gnu grep in windows

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Mickey Ferguson

Mar 14, 2008, 1:01:47 PM3/14/08
I'm using the gnu grep utility (as ported from the latest - version 2.5.2 I
believe). With its -r switch, it has a limited recursive ability. However,
I've found that any filename pattern matching is case sensitive, which in
windows, it should not be. Does anyone know how to override this, or maybe
can point me to a grep that is fully gnu-compatible, with all of its latest
fixes and everything, while also fixing this filename case sensitivity
issue? Any help would be appreciated.

Here is a thread I had started in the forum, which
eventually pointed me to windows-related groups.

"Mickey Ferguson" <> wrote in message
> Bob, thanks for the help. You are right about the missing directory
> argument. I missed that earlier. By supplying ".", it eliminated the
> 'Not enough space' error. I finally got it to the point where I got it
> mostly working, but I discovered one thing about the port that may be good
> for the unix environment, but doesn't work for Windows: The filename
> pattern matching is case sensitive. In other words, if I had a file named
> "MyFile.txt" and I searched for "my*.txt" (without the quotes in both
> cases), it would fail to find it, while if I searched for "My*.txt" it
> would find it. I understand that in the unix world filenames are
> case-sensitive, but in the Windows world they are not. Thus, file pattern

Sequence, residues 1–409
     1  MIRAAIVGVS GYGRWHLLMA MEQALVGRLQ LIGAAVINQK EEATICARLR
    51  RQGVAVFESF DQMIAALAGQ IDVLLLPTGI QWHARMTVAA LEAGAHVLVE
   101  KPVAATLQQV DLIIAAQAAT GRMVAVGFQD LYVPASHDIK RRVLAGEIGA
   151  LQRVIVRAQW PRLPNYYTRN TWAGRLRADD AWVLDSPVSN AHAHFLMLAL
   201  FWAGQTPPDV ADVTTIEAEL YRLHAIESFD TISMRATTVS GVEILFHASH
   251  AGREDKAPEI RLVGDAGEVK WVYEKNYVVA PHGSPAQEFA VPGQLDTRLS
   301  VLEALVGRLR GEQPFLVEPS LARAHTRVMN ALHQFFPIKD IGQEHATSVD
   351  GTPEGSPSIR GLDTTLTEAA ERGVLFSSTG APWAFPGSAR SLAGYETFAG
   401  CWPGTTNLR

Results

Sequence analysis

> matching should not be case-sensitive for the Windows implementation.
> "Bob Proulx" <> wrote in message
>> Mickey Ferguson wrote:
>>> My problem is that it just doesn't work for me. (I'm using XP SP2.)
>>> When I use the -r switch, I get a 'Not enough space' error.
>> That does seem strange.
>>> ->grep -rl --include=*.ini Change
>>> grep: (standard input): Not enough space
>> First things first. You are missing a directory argument in which to
>> recurse. Because grep does not have any file/directory arguments to
>> process it defaults to reading standard input. Using -r does not make
>> sense with regards to standard input.
>> Fix this first by giving grep a directory to recurse into. When using
>> the -r option it is typical to use the '.' directory. Try this:
>> grep -rl --include=*.ini Change .
>>> I've created an alias in my command processor (4nt) language, that
>> The typical way to do this would be to use 'find'.
>> find . -name "*.ini" -exec grep -l Change {} +
>> The {} is replaced by find with a maximum list of filenames and the
>> '+' terminates the command.
>>> ... This works fine, but I'd rather figure out what I'm doing wrong
>>> above with the -r switch.
>> Admirable. Looks like it is a bug in the port to me. It doesn't give
>> that error in GNU grep's native GNU environment. But your results
>> sound as if the code is trying to recurse on stdin and failing. That
>> should be reported to the Cygwin folks.
>> Bob

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